RIVERHEAD, N.Y. — A devoted crusader for individuals with special needs was posthumously honored on Long Island.
CBS2’s Jennifer McLogan says the devotion of this mother to her developmentally disabled set the example, “treating all with dignity they deserve.”
“Ever since Danny passed away, I think about him every day,” said Casey Karry.
Four decades ago, Danny Karry was the first resident to move into the Riverhead nonprofit for the developmentally disabled Rise Life Services. He had been languishing in a psychiatric hospital when is emotional parents went public with his inhumane treatment.
“She and my father became determined to get him out of there, and when my mother wants to get something done, it gets done,” Casey Karry said.
Mary Karry, a high school dropout from Queens, later earned her G.E.D. and went on to transform special needs care on Long Island.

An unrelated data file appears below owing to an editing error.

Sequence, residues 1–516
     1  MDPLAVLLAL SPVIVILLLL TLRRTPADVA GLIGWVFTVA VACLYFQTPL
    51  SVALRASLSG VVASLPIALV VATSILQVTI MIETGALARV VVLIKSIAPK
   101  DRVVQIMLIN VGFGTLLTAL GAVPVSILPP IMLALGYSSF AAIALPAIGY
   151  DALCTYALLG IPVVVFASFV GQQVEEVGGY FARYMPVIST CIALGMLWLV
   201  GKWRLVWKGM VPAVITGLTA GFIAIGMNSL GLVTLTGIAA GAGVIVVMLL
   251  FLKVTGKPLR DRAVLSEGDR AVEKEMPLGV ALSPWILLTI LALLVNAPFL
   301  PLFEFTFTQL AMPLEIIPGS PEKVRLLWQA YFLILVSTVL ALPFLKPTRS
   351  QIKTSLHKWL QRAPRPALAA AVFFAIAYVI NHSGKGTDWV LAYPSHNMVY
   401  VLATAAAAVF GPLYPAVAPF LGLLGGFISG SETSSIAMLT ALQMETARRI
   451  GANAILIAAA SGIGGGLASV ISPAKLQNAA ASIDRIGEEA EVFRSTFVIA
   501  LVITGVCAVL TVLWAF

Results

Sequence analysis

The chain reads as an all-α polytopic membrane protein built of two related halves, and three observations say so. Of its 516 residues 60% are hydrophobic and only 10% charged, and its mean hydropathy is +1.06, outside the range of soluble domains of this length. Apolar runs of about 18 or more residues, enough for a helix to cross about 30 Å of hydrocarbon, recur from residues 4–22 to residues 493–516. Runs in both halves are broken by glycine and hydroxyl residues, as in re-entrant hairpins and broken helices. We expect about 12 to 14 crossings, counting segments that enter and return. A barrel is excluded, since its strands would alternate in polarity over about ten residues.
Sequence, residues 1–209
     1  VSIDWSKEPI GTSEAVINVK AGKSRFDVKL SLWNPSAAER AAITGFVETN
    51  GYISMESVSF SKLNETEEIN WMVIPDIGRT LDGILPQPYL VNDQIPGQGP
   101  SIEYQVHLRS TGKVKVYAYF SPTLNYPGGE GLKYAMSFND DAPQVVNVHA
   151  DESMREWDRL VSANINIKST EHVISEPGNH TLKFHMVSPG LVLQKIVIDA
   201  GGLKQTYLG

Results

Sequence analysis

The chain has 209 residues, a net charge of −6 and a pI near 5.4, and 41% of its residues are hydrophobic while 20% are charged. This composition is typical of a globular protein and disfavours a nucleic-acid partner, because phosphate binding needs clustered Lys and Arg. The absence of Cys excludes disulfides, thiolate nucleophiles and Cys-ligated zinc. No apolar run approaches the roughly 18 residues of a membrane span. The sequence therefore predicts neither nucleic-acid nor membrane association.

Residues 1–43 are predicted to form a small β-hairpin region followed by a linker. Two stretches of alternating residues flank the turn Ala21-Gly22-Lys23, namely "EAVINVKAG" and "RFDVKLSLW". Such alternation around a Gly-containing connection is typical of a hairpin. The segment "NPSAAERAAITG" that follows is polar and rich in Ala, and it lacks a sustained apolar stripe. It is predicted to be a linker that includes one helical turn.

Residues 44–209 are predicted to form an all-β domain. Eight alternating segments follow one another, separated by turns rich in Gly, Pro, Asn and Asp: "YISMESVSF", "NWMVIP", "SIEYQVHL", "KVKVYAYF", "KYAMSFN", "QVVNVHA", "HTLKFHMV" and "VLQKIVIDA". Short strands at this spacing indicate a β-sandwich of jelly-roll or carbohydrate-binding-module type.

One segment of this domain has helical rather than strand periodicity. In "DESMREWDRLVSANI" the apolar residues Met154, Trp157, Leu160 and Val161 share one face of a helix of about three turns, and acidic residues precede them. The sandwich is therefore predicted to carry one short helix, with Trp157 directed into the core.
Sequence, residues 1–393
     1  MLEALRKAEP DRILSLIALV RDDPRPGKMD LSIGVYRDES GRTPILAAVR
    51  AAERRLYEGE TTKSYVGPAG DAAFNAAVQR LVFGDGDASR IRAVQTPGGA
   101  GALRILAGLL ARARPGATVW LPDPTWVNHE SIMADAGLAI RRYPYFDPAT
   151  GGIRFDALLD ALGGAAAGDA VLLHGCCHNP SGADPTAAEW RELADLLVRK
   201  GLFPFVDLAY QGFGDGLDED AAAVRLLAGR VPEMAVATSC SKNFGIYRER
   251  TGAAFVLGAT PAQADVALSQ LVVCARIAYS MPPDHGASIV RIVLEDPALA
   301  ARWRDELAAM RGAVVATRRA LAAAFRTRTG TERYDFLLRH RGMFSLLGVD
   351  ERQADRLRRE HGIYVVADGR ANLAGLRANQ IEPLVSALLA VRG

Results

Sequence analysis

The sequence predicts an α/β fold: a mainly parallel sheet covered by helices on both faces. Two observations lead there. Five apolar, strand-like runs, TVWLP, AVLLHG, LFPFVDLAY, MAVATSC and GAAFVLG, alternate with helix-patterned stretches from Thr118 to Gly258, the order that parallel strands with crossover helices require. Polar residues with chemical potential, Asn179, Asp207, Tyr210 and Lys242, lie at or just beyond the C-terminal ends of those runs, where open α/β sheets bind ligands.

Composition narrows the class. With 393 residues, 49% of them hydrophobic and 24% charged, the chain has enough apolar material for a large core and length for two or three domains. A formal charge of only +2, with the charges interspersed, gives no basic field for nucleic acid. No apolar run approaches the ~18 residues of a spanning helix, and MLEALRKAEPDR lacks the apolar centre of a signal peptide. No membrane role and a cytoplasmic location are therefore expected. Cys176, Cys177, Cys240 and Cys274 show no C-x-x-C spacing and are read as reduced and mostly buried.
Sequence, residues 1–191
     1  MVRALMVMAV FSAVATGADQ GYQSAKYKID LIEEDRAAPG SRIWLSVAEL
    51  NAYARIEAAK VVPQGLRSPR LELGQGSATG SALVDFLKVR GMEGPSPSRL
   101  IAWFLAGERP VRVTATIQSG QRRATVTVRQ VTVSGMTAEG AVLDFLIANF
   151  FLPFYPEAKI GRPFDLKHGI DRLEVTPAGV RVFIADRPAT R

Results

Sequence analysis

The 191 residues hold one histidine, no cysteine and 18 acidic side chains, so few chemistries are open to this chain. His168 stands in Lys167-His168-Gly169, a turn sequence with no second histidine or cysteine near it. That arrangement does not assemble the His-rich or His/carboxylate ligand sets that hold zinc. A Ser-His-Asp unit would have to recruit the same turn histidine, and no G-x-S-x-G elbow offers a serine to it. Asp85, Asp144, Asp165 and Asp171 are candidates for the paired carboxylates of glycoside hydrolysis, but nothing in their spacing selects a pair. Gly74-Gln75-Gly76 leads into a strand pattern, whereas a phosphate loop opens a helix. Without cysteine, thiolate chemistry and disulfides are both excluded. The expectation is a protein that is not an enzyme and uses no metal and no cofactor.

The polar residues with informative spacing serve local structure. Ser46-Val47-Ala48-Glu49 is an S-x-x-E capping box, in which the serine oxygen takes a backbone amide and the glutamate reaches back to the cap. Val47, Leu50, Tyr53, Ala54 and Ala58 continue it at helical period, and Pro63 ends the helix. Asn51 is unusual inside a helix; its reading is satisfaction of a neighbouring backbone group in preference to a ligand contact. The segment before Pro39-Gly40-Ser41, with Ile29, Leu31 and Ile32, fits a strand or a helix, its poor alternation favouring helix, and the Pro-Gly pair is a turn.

“With that humble of a background this is what she created,” Casey Karry said.
What started with Danny’s single home has expanded to 32 small residences, including a three acre sensory garden, where son Danny and his mom Mary Karry, were posthumously honored.
“Mary was so involved, she really had to fight. That is how Rise began, because of Mary and Danny. I’ve been with Danny the last nine years of his lief,” said Charles Evdos, former director at Rise Life Services.
“It’s rewarding. A different kind of nursing than what you think about,” said registered nurse Megan Beach.
“I saw family a lot. That’s what’s important in this field, that you get to know the families,” said registered nurse Sharon Prince of Rise Life Services.
Nurse Robert Walker feels the personal reward from those he cares for.
“The smallest things in life make them so happy. It’s great to see,” Walker said.
“The people who work here are more amazing than I could possibly explain,” Casey Karry said.
The need for the services founded by Mary Karry is dire. Nonprofits like Rise Life Services, aiding the developmentally disabled, are changing lives every day.
Keeping the mission moving, devoted volunteers call themselves the lucky ones.